Japanese consumer prices rose less than expected in December from a year ago, adding to doubts over the Bank of Japan's ability to raise interest rates next month, sending the yen lower and bond futures to a one-month high.
Japan's core consumer price index (CPI), which excludes volatile fresh food prices, rose 0.1% in December from a year earlier, government data showed on Friday, less than economists' consensus forecast of a 0.2% rise.
Core CPI in the Tokyo area, which is announced a month before nationwide figures, rose 0.2% in January from a year ago, matching the consensus forecast. "Today's data will raise the hurdle for a rate hike in February," said Kiichi Murashima, economist at Nikko Citigroup.
"Even though the BOJ talks about a forward-looking approach in how they conduct monetary policy, these figures will make it hard to justify a near-term rate hike," he added.
The Japanese yen fell against the U.S. dollar just before the release of data, while Japanese government bond futures were up 0.23 point at 134.93, rising above 134.86 for the first time since late December.
The BOJ kept rates on hold earlier this month, saying it was prudent to wait for more data given mixed economic indicators, even though financial markets had briefly priced in a rate hike prior to the meeting.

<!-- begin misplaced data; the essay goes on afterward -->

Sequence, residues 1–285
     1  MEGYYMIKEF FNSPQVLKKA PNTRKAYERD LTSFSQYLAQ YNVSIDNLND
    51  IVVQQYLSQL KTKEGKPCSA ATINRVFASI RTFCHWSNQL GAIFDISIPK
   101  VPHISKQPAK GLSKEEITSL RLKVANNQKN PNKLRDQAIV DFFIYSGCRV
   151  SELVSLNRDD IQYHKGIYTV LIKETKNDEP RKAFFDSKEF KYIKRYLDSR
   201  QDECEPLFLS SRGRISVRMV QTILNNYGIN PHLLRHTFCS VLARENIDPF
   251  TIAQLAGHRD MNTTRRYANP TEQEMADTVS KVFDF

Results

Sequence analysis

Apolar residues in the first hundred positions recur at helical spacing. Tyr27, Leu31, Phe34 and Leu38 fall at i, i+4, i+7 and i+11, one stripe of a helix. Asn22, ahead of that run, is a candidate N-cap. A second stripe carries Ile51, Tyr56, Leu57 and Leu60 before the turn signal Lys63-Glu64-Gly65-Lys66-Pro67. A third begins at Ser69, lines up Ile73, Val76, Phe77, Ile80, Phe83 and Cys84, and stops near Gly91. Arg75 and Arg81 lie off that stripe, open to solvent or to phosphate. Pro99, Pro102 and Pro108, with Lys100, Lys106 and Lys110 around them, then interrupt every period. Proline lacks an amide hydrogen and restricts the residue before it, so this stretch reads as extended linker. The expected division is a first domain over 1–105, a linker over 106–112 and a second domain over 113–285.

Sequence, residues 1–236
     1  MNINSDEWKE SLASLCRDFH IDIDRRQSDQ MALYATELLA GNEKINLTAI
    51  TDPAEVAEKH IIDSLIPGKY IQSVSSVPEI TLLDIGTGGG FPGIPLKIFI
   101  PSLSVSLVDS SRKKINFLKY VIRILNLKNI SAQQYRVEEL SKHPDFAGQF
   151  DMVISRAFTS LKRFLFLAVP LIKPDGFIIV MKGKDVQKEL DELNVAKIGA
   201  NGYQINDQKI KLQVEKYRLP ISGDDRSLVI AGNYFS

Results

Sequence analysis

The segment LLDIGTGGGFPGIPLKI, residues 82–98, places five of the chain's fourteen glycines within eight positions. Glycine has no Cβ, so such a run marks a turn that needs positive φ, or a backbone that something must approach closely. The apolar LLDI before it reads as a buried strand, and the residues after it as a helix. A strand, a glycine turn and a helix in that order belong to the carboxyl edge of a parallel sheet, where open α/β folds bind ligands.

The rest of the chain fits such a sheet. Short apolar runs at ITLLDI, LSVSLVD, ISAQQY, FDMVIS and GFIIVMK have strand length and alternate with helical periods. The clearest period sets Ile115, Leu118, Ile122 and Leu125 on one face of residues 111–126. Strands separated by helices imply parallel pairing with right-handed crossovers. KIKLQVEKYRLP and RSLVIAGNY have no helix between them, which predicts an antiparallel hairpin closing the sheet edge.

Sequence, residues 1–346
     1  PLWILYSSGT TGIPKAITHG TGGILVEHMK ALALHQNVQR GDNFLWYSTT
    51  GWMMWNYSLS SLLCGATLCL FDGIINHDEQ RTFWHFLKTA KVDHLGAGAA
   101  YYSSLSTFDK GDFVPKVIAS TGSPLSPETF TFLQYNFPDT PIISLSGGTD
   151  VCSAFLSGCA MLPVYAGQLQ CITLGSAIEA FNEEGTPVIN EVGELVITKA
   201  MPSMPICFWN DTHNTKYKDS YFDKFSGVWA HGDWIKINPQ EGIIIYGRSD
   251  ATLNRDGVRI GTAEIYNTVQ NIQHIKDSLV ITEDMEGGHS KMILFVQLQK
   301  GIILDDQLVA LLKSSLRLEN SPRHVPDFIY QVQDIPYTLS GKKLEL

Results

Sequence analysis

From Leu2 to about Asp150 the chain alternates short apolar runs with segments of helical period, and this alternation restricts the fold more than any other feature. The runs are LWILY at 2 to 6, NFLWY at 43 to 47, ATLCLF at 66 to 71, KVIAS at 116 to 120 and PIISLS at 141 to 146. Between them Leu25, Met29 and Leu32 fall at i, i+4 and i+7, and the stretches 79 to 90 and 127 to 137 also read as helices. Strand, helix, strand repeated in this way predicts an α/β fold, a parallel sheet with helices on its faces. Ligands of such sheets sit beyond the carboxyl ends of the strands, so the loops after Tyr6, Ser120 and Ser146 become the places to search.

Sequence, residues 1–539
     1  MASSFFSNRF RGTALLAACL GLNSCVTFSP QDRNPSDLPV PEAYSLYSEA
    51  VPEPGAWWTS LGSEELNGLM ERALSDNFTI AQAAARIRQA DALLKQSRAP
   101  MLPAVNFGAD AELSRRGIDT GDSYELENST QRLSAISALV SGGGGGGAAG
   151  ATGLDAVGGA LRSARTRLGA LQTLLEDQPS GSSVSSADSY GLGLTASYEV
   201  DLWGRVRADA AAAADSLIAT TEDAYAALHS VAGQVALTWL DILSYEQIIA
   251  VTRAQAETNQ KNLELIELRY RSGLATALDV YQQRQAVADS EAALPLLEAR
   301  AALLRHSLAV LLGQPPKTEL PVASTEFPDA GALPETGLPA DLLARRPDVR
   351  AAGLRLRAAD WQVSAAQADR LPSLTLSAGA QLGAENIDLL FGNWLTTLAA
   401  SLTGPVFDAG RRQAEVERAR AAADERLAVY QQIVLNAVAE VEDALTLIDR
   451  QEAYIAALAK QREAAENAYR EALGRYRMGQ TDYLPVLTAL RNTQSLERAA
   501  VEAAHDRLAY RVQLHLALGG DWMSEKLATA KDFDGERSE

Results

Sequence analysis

The central bank has cited softness in consumption and consumer prices since the middle of last year as part of the reasons it should wait before raising rates.
Although Japan currently enjoys the longest period of expansion in the post-war era, growth rates have been sluggish, restrained by a lacklustre rise in personal consumption.
Many economists think growth in consumer prices will remain subdued in coming months due to recent falls in oil prices and a slow pace of growth in wages.
Some think the core CPI may even post year-on-year falls in the months ahead as it loses support from crude oil prices, which fell to 20-month lows earlier this month.
Excluding food and energy prices, consumer prices fell 0.3% in December from a year earlier, reinforcing doubts about a February rate hike. Some said it all depended on how central bankers would interpret the numbers.
"The point is whether the BOJ should consider the current weakness in core CPI growth as a temporary factor and attach greater importance to the future outlook by analysing other data," said Masaaki Kanno, chief economist, J.P. Morgan.